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Critical Thinking

DII tries to unravel complexities of compliance

One Division II bylaw. Thirty pages of rules. Thirty minutes. Go.

Such was the framework for an exercise taken on by a small cadre of Division II athletics administrators in December when they gathered at the NCAA national office to study the state of Division II compliance. The athletics directors, conference commissioners and compliance personnel were tasked with dissecting each rule in Bylaw 13 — the section in the Division II manual dedicated to recruiting — and identifying legislation that may no longer be practical or correctly monitored on campus.

For many, the activity yielded surprising results: Opportunities abounded for deregulating or tweaking rules to make them more realistic for Division II. “We were whittling it down to the stuff that is actually important,” says Scott Larson, the senior associate athletics director for compliance at Lubbock Christian. “They gave us 30 minutes, and we didn’t get through Bylaw 13.”

While merely designed to get administrators thinking critically about Division II rules, the exercise could be a precursor to actual and robust legislative changes to come. The 15 administrators in attendance that day make up the first Division II Culture of Compliance Think Tank, charged over the next year with addressing challenges facing Division II compliance offices. The think tank will continue its work via quarterly teleconferences and plans to conclude their review at a summit next December.

The need for a comprehensive review became apparent through a collaboration between Division II staff and the National Association for Athletics Compliance, from which outreach efforts to compliance personnel revealed a host of common concerns. Many of the administrators felt spread too thin, as the only person in their athletics department handling all compliance responsibilities while also juggling other roles, from academic advising to game operations to marketing. With so many other duties, compliance-related tasks often fell to the end of their daily to-do list, they said. Yet at the same time, they know those compliance duties, which include ensuring hundreds of student-athletes are certified to compete and correctly awarded financial aid, are not to be taken lightly.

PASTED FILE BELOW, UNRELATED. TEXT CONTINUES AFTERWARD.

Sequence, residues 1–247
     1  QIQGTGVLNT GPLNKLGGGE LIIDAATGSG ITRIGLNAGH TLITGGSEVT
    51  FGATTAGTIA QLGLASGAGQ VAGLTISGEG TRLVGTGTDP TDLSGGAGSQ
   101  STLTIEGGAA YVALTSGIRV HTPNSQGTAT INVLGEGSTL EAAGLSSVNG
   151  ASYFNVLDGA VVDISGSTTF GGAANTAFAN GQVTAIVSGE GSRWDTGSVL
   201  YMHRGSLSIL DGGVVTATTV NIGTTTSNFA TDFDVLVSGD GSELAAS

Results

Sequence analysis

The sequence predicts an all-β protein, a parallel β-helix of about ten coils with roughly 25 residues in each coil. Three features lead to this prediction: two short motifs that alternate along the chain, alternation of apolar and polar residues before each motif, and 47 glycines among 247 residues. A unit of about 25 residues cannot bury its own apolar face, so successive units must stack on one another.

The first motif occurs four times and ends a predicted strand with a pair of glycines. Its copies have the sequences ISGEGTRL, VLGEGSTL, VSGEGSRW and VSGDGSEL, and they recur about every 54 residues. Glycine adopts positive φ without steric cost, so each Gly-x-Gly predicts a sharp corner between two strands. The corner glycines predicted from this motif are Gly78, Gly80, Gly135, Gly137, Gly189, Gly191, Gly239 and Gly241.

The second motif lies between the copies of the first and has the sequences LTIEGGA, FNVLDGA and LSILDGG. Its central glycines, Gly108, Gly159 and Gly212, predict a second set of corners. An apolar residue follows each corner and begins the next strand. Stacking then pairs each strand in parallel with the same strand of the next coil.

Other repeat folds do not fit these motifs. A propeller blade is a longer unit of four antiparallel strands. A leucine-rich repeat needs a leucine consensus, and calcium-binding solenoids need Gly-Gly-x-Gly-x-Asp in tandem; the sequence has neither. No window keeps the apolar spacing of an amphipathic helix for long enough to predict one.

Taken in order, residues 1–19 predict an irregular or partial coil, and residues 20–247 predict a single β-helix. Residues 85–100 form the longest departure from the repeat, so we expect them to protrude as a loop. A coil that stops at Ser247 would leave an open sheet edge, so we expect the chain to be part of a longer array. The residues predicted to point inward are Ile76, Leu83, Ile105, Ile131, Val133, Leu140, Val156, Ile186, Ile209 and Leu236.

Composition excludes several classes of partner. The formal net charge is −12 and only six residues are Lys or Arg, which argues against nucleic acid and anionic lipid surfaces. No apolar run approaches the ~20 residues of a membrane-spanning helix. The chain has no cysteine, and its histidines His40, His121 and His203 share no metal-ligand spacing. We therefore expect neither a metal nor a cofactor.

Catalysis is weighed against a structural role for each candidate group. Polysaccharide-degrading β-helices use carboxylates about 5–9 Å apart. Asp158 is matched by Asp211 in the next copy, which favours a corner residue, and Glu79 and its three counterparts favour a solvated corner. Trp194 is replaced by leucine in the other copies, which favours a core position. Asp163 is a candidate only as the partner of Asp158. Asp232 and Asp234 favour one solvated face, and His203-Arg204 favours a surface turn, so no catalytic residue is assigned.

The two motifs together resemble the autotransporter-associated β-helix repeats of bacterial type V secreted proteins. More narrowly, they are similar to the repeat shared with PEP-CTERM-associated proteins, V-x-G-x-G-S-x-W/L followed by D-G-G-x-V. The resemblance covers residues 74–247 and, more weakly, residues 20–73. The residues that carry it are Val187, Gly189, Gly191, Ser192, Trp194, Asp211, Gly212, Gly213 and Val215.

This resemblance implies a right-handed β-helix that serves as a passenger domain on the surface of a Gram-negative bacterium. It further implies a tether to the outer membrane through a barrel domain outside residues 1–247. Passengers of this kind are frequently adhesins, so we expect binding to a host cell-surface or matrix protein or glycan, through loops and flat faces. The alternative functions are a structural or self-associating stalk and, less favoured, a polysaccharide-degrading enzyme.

“It’s a lot of work,” Larson says. “And people don’t realize it because they don’t see it every day. We’re not in the newspaper unless something goes wrong. There’s no box score.”

NCAA data also hints to challenges. In the 2014-15 academic year, 65 Division II schools did not self-report a single violation for their athletics department. Fifty schools the following year claimed to be violation-free. On the surface, such numbers might seem to be a point of pride, but to members of the think tank they tell a different story. “If they’re not reporting violations, then we’re concerned that they don’t have the policies and procedures in place to catch those violations,” says Kirsten Ford, the assistant commissioner of the Rocky Mountain Athletic Conference. “People are going to make mistakes. And we want to see that you’re reporting those mistakes and you’re learning from them.”

Think tank members predict their review could lead to deregulation of certain Division II bylaws, which would alleviate the burden on compliance administrators, cut back on paper pushing and sharpen the focus on rules that matter most. They also hope it will create better understanding and awareness of the compliance administrator’s role among presidents, chancellors and senior-level campus administrators.

They already are sensing progress. After the meeting in December, several administrators who don’t work in compliance admitted that their eyes had been opened to the breadth of the job. Jacqie McWilliams, the commissioner of the Central Intercollegiate Athletic Association and former chair of the Division II Management Council, was reminded about the importance of providing assistance — as well as a listening ear — to people in these roles. 

“Compliance is an ongoing nonstop revolving door of administration that sometimes gets left behind,” she says. “As leaders, it’s our responsibilities to provide the tools and resources and be good listeners on what they’re dealing with so they can do their jobs effectively.”

About Champion

Champion magazine goes behind the headlines and beyond the scoreboards to celebrate the unique connection between Americans and college sports. Champion is published by the NCAA.

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